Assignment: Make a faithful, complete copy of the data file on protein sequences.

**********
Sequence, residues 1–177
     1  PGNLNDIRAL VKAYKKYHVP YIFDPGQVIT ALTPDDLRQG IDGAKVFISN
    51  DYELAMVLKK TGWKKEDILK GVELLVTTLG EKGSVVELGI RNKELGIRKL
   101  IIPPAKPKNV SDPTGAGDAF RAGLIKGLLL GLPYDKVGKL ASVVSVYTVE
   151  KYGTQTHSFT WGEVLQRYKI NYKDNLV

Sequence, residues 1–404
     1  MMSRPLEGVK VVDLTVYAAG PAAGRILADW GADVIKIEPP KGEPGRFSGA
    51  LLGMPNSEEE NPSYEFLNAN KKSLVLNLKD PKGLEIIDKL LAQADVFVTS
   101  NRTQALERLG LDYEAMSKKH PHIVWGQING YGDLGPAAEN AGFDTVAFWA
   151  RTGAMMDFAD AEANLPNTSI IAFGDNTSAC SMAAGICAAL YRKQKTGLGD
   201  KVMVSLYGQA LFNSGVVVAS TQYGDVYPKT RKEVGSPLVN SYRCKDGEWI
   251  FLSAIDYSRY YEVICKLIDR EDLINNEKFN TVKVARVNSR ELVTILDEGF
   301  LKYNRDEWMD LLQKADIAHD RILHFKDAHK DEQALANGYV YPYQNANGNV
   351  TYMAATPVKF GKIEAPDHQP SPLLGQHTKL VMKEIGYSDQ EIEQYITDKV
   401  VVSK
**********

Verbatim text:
Sequence, residues 1–177
     1  PGNLNDIRAL VKAYKKYHVP YIFDPGQVIT ALTPDDLRQG IDGAKVFISN
    51  DYELAMVLKK TGWKKEDILK GVELLVTTLG EKGSVVELGI RNKELGIRKL
   101  IIPPAKPKNV SDPTGAGDAF RAGLIKGLLL GLPYDKVGKL ASVVSVYTVE
   151  KYGTQTHSFT WGEVLQRYKI NYKDNLV

Sequence, residues 1–404
     1  MMSRPLEGVK VVDLTVYAAG PAAGRILADW GADVIKIEPP KGEPGRFSGA
    51  LLGMPNSEEE NPSYEFLNAN KKSLVLNLKD PKGLEIIDKL LAQADVFVTS
   101  NRTQALERLG LDYEAMSKKH PHIVWGQING YGDLGPAAEN AGFDTVAFWA
   151  RTGAMMDFAD AEANLPNTSI IAFGDNTSAC SMAAGICAAL YRKQKTGLGD
   201  KVMVSLYGQA LFNSGVVVAS TQYGDVYPKT RKEVGSPLVN SYRCKDGEWI
   251  FLSAIDYSRY YEVICKLIDR EDLINNEKFN TVKVARVNSR ELVTILDEGF
   301  LKYNRDEWMD LLQKADIAHD RILHFKDAHK DEQALANGYV YPYQNANGNV
   351  TYMAATPVKF GKIEAPDHQP SPLLGQHTKL VMKEIGYSDQ EIEQYITDKV
   401  VVSK